Obesity & Heart Disease: Prevention and Care

Obesity & Heart Disease: Prevention and Care

Any meaningful discussion about preventing heart disease is going to also include the topic of obesity in the United States. “We are the fattest country in the world,” said Dr. Gerald Fletcher, who specializes in cardiology, internal medicine, and cardiovascular disease at the Mayo Clinic in Florida (www.mayoclinic.org). “People need to be responsible for their own health.”

According to theCenters for Disease Control and Prevention, heart disease is the leading cause of death of men and women in the United States and a key reason people need elder care services. Of the risk factors for heart disease, 39.5 percent of Americans were inactive, 33.9 percent were obese, and 30.5 percent had high blood pressure. Other behavioral risk factors include cigarette smoking, high cholesterol, and diabetes.

“In general the risk factors include ethnicity, family history, the main thing is not smoking, maintaining a proper body weight, maintaining a normal LDL cholesterol, and getting regular physical exercise,” said Dr. Fletcher. “Only about one quarter of the population addresses these things properly.”

Whites have the highest percentage of deaths caused by heart disease at 27 percent, according to CDC statistics, followed by African Americans at 25.8 percent, Asians or Pacific Islanders at 24.6 percent, and Hispanics at 22.7 percent.

Ocielia Gibson, Miss Black USA 2011, made heart health her personal platform because she was personally touched by the disease after losing her father to heart disease when she was a child.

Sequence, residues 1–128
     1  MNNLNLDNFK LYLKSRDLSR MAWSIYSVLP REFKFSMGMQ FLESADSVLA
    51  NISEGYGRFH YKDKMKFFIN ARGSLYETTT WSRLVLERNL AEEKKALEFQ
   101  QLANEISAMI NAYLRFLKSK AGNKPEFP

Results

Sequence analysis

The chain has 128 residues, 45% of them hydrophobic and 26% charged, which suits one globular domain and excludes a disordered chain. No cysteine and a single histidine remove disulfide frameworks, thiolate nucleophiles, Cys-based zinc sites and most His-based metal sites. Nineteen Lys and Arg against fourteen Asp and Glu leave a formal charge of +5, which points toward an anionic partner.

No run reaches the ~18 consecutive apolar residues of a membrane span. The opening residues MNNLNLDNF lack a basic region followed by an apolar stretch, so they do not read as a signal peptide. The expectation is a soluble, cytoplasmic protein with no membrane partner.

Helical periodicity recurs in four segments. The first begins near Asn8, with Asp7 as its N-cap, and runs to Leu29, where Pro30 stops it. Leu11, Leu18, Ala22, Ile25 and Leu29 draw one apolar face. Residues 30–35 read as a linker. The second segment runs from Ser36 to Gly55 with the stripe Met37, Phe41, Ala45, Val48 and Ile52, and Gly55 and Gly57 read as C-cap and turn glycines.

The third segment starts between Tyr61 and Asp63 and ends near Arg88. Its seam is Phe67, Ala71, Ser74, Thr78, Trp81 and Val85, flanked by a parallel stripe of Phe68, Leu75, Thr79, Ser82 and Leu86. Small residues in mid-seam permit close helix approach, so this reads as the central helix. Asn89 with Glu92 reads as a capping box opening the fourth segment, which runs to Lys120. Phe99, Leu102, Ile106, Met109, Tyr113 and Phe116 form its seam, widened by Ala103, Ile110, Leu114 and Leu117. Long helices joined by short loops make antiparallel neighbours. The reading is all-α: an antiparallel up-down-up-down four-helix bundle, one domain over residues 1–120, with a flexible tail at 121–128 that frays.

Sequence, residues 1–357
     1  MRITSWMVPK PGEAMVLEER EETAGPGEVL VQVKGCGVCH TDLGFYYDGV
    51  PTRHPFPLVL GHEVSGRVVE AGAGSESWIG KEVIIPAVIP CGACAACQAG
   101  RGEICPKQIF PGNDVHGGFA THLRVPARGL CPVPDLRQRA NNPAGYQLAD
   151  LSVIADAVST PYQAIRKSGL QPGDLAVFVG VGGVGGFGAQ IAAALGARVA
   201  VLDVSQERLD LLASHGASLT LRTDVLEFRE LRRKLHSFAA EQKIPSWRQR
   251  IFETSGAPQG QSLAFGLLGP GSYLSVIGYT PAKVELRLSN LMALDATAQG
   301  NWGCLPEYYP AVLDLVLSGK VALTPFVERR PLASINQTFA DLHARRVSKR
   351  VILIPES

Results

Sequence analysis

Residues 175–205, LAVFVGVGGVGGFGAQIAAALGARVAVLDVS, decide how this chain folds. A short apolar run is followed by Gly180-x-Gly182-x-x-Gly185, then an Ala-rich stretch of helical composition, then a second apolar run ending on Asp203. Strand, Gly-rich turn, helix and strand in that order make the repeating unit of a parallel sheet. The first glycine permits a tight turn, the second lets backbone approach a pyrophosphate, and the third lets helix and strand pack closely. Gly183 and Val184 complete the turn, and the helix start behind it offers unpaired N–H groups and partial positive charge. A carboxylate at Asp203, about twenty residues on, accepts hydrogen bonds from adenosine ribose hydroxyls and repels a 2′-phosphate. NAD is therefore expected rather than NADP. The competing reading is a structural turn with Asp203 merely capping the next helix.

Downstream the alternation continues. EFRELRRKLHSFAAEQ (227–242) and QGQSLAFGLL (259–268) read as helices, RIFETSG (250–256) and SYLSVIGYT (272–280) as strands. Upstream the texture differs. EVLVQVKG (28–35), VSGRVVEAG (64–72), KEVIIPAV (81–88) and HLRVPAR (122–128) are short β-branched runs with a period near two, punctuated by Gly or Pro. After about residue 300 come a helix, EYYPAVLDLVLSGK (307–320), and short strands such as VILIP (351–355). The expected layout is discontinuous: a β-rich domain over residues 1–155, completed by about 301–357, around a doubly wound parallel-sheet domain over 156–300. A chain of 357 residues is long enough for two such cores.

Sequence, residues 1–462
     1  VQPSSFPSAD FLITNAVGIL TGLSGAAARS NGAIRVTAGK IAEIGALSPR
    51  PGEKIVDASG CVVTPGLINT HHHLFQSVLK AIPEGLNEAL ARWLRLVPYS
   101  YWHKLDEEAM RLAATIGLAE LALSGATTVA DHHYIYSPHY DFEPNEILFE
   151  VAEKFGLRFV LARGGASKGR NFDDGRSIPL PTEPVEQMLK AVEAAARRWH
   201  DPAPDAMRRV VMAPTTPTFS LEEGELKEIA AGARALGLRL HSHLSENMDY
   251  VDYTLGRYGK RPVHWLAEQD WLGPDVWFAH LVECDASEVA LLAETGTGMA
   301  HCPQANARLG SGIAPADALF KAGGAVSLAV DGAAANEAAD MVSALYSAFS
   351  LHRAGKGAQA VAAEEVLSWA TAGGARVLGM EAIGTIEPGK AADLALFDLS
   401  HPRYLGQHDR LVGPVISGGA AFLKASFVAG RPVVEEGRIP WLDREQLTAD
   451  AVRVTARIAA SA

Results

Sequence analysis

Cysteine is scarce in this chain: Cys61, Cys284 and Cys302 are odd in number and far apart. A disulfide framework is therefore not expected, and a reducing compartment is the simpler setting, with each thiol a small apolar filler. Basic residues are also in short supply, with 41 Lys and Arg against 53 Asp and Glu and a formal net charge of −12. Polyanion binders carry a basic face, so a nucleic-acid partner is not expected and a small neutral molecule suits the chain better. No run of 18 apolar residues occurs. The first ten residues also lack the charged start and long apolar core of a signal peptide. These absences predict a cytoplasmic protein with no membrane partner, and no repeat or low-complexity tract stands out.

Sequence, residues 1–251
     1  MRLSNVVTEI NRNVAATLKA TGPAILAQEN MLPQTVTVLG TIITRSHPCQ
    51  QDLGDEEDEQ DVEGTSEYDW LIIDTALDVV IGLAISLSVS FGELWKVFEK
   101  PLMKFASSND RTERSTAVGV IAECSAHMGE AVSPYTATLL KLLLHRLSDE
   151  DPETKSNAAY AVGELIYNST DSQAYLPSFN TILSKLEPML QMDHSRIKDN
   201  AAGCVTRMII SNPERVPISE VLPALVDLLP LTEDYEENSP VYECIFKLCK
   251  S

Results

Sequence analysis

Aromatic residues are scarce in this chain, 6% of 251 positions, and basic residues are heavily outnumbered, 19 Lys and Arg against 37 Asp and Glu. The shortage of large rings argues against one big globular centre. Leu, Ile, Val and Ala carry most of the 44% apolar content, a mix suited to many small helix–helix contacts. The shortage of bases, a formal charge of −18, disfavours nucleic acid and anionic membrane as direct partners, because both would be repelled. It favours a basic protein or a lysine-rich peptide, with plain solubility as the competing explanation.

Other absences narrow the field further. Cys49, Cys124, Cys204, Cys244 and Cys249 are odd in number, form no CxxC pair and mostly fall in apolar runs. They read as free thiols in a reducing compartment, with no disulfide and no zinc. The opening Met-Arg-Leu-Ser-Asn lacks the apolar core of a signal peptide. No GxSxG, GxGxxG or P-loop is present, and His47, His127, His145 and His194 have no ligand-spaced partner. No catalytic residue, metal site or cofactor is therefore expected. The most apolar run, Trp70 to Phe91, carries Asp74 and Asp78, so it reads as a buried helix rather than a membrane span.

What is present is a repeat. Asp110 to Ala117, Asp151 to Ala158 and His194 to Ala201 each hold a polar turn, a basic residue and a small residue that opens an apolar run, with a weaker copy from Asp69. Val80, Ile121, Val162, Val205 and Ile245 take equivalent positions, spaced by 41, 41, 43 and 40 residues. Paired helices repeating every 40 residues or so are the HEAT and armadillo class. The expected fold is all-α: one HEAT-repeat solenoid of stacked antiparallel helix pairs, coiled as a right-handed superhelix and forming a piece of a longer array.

“Heart disease is serious business,” Gibson said. “I know personally the devastating effects. Being able to be an advocate for heart disease awareness now is the greatest tribute I can pay to my dad.”

The Miss Black USA organization has partnered with The Heart Truth, a campaign with the National Institutes of Health to raise awareness about heart disease and heart attack warning signs in women. The campaign is tied to American Heart Month in February.

Once someone has had a heart attack, or just been diagnosed with heart disease, Dr. Fletcher said that it is very important to maintain a healthy blood pressure and eat a good diet.

“Much of America is unable to afford healthy foods that are more expensive than canned foods with high salt and high fat,” he said. “It can take a while to change a diet, but medications can take effect immediately.”

However, he noted that many people refuse to take their medications or to make sure they are doing so properly. “It can take a little while to train the patient about how important they are,” he said of various medications to help with lowering cholesterol or blood pressure.

Mr. Fletcher said the first thing people need to do is take personal responsibility with their health in order to prevent heart disease or another heart attack. “There can be stress in life, at the workplace, and that can be a risk factor too,” he said. A lot of it is preventable and there needs to be self-responsibility. No can do it except you.”

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